What is your book about?

I used to hate this question. I would say “well it’s about growing up in a zoo. My parents were zookeepers and now I keep pets. How do I justify keeping pets when I grew up in a zoo?” [please note that this example was made up on the spot and is not actually what my Fucker is about]. “It’s about how my adult life has always taken me near zoos and how do I figure all that out?”

This is neither coherent nor compelling. For a while I had a great elevator speech, but I realized that the blurb was not really what my book was about. It was about what I wanted the book to be about, but it wasn’t really where I was going. Nuts.

I am now on official third draft (unoffical sixth draft). Now is the time to figure out the arc, the question, what the fuck my book is about. Otherwise I’ll never know what order to put all those words in.

This might be an ass-backward way to write. But I didn’t know where it was going, I just knew in the beginning that I had some really good stories that people said that I wrote about really well. And so I wrote to figure out what I thought, as I always do. It’s taken me 2 (5) drafts to be at a place where I can even begin to think about what is on the page.

How do you figure out what you are writing?

7 responses to “What is your book about?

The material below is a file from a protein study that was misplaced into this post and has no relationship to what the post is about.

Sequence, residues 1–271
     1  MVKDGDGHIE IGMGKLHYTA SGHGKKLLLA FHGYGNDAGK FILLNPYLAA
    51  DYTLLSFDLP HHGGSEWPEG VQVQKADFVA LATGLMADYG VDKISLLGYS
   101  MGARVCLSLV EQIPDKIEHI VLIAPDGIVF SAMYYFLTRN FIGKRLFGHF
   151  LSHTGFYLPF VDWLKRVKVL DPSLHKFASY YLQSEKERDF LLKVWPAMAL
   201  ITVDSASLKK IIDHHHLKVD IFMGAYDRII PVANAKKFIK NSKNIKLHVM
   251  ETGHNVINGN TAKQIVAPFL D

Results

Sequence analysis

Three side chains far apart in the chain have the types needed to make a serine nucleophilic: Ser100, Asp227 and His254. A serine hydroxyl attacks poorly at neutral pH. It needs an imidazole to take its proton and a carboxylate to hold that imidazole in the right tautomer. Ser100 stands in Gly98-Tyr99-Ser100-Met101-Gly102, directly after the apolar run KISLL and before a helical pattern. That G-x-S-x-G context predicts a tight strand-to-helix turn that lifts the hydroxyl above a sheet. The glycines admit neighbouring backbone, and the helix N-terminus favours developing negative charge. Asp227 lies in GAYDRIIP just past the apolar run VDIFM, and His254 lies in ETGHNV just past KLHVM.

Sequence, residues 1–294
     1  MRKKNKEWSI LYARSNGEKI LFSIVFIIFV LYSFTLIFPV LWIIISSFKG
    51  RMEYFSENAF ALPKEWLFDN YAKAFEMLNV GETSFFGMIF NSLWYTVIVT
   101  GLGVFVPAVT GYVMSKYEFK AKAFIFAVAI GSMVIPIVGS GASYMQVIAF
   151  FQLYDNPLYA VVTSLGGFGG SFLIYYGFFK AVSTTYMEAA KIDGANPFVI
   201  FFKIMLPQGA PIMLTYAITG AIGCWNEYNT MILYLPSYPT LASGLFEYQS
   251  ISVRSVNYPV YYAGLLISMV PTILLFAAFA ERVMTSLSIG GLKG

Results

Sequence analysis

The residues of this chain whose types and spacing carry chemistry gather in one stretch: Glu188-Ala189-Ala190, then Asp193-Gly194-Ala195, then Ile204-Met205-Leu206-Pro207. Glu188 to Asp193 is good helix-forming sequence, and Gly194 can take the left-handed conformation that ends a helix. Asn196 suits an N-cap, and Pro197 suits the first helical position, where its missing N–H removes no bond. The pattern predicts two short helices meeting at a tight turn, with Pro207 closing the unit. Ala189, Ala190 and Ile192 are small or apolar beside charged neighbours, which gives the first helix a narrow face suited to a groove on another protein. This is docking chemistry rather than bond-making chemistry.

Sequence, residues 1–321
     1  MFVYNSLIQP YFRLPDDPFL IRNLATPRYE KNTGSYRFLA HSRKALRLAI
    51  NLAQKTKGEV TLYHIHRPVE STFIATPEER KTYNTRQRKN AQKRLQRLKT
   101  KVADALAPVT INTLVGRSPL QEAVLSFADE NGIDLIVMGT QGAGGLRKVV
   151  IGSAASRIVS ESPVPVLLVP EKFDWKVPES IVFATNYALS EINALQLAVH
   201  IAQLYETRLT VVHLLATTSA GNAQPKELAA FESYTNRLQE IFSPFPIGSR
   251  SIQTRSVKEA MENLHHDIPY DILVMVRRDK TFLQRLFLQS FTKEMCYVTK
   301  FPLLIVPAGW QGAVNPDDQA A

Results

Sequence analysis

1. Stop asking questions I don’t know how to answer, indy . . .

    The best answer to this question I’ve ever heard came from a guy in my writing group. He said (and I misquote): “I write the book until I come to the final chapter, create a fantastic ending that works perfectly for the story I thought I was writing, look back at what I’ve actually written and say, “Oh, shit.”

  2. I write what I want to read and figure I might as well enjoy what I’m writing because nobody else will give a shit about it anyway. At least I like the damn thing, That’s something isn’t it? Don’t answer.

  3. Hmmm…you know, I don’t know that I do know what the book is about precisely. I’m hoping that instead of a flaw, it’s more like when I love a book and can’t really explain it but instead say, “You must read this.” Alas, I don’t know that’s the case.

    To answer it more specifically, I can say that I don’t know what I’m writing about until I go along. I’d like to change that this time around and have a definitive outline, but it may just be the way I roll. I think that way too. I’m certain about what I know and as I’m talking to someone my opinion could totally change. For people who don’t know me, it can come across as flip-floppy, but actually it’s because I do my thinking by bouncing ideas around outside of my head. Problematic when it comes to writing alone because then I have to write to see what I have written.

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